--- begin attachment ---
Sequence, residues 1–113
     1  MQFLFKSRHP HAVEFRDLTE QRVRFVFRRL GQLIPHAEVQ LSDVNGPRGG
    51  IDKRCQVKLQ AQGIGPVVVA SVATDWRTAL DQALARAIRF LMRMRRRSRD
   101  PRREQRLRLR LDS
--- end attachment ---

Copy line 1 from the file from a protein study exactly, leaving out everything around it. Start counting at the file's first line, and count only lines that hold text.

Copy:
Sequence, residues 1–113